Every child is unique. There is no such thing as a super school that will be a ‘best fit’ for every child in the universe. Each school setting, whether it be public or private will be able to offer a unique gift to your child’s learning. Look for their learning style and choose a school that fosters this, not one that highlights a weakness. It drives my wild when a student is diagnosed with a Learning Difficulty and the parent make the assumption that sending them to a Private / Catholic school will be the best option. This is NOT always the case. As a result of reliable state funding, government schools can often provide greater access to other professional services such as Occupational Therapists, Speech therapists and Psychologists. Some of the best Special Education Units in Queensland and South Australia are based and funded by the state governments. If my child was learning with a disability, I would most definitely be sending them to a state school.
Expensive school fees, do not necessarily equal a high quality curriculum and quality teaching methodologies. It may give a good indication as to how well resourced a school is but research indicates (Hattie, John. 2009) that it is what the ‘teacher’ does that matters most in terms of student achievement. In short- There are good teachers at every school, and yes there are also the lemons…I have certainly encountered some big, fat juicy lemons in my time. Expensive schools do however offer that ‘boys club, wink, wink, nudge, nudge’ old scholar aspect to education. They do say it is who you know not what you know that is the key to gaining that perfect opportunity.
Then there is the religious aspect. I believe you should choose a school that will support and reflect the morality and values you plan to instil in your own home. For me personally, this may mean a Catholic School for my boys because I am Catholic, and because I know I am not fighting a different agenda or set of values outside my own. However this is not to say that a religious school will be the correct setting for all children….because it will not be. As a public school student myself, I know that a Catholic School Education is not the ‘essential’ ingredient to being a ‘good’ person.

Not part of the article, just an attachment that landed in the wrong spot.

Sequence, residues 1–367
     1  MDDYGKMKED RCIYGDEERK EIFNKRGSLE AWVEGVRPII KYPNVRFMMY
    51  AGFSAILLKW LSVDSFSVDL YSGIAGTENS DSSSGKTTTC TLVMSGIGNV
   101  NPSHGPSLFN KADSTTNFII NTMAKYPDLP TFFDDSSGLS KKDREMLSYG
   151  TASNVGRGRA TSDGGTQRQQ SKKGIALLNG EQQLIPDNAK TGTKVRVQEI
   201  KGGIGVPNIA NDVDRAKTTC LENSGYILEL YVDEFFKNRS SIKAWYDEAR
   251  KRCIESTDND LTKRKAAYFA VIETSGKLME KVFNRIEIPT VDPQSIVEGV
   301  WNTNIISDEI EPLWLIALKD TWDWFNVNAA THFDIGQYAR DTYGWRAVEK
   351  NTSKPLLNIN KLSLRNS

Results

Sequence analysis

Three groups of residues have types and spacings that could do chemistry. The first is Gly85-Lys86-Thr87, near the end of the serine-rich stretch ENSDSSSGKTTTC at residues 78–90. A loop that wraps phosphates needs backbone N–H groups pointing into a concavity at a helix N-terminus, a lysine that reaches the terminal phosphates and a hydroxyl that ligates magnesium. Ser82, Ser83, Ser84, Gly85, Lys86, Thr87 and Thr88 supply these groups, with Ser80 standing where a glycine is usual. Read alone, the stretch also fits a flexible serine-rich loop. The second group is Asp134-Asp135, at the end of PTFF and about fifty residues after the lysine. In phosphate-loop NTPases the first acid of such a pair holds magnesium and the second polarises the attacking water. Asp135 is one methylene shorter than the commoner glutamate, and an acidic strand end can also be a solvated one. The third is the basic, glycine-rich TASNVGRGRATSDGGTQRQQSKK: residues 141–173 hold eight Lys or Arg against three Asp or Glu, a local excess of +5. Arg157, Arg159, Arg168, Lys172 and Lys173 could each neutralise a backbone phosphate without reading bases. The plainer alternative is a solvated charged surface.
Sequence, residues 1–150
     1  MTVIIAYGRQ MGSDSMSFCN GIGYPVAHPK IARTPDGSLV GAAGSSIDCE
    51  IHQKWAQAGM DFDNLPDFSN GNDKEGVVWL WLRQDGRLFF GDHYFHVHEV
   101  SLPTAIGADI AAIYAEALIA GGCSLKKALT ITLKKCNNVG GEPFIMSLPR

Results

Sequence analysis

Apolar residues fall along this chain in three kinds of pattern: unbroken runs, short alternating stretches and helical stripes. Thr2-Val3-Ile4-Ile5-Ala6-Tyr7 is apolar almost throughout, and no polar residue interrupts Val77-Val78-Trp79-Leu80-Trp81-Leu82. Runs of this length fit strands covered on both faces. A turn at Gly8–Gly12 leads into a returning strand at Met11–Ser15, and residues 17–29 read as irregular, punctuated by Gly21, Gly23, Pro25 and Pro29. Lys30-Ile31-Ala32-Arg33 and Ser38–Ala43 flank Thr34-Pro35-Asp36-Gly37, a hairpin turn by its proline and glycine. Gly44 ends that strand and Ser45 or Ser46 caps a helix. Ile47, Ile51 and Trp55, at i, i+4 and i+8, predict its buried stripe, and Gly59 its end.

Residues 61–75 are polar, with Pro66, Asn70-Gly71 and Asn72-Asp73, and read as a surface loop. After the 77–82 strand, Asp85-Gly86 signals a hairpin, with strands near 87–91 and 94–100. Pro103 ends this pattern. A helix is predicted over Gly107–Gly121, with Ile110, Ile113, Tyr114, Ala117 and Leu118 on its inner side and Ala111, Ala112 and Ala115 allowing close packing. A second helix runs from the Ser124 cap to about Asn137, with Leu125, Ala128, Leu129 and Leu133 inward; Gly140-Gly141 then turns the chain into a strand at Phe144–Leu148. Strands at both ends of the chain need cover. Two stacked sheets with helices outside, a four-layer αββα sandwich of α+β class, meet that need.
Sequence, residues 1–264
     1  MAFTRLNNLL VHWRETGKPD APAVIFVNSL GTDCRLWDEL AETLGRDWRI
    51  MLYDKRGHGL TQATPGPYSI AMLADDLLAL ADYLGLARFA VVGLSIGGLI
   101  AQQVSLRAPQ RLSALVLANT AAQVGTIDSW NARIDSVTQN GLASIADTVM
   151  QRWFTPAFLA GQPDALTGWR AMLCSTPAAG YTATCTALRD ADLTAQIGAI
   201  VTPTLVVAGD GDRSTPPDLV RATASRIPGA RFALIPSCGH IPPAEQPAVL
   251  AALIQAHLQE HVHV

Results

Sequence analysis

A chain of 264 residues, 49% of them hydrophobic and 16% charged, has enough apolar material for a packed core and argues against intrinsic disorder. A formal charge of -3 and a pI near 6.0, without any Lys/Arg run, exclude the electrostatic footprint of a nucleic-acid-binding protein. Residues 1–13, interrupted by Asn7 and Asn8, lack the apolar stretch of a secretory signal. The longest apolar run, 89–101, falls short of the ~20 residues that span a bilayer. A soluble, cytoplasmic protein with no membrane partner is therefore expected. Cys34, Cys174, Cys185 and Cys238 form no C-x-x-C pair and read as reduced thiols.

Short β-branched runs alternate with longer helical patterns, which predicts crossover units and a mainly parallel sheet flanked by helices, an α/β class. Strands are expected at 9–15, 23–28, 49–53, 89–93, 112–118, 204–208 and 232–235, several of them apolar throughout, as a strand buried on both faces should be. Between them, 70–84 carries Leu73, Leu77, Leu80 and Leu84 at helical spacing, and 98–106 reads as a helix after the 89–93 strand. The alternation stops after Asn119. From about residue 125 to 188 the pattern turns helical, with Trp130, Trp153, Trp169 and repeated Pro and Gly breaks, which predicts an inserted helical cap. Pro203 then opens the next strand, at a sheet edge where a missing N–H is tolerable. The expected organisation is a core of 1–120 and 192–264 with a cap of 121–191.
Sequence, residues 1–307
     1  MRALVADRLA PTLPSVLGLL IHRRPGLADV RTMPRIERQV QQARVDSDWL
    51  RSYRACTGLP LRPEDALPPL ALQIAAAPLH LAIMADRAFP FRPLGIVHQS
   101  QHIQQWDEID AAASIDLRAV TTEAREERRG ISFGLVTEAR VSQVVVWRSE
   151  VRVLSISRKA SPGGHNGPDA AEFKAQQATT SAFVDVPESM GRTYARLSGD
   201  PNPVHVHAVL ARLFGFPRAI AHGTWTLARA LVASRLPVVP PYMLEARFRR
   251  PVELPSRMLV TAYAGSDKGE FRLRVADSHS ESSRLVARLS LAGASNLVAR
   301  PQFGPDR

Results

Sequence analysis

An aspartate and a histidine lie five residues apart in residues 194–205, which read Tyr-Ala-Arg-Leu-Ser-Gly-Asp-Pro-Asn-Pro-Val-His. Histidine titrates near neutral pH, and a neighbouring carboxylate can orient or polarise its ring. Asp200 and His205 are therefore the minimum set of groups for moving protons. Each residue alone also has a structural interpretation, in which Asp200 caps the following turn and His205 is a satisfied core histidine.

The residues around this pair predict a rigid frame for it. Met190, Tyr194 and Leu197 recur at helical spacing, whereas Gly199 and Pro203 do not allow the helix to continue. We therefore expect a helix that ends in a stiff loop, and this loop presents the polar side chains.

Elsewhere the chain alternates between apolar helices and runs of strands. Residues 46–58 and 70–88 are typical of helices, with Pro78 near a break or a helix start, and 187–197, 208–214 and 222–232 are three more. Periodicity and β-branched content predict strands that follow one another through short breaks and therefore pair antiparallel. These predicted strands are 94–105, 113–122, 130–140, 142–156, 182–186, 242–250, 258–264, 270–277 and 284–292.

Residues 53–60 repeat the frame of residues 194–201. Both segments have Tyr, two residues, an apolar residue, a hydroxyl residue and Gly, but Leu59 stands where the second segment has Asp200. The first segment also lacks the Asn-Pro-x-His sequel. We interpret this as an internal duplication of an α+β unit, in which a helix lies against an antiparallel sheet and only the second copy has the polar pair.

A good school is one that sets high expectations for all students, not just the ones who are academically inclined. A good school has happy teachers and happy students. A good school is inclusive. A good school is a safe school where there is zero tolerance for bullying. A good school is one helps your child fulfil their own unique potential not one set out by a standardized test. A good school can be State, Catholic, Christian or Muslim School or even a shed in the middle of the Northern Territory.
I wanted these mums to stop trying to keep up with the Jones’ and to think about what is best for their child. It is not about that fancy college sticker that you can place on the back of your 4WD like a badge of honour.
So my decision for my own little man? I enrolled him at three different schools and will figure this out later! Instead of rushing my 3 year old off to school, I want to enjoy the time I have left with him at home instead of wishing away the next year.
where do you stand, Public? Private or are you in the who really cares camp?
For those of you interested, have a look at John Hattie’s ‘Visible Learning’. This book will really change any ideas you have about improving student outcomes. Amazing Research!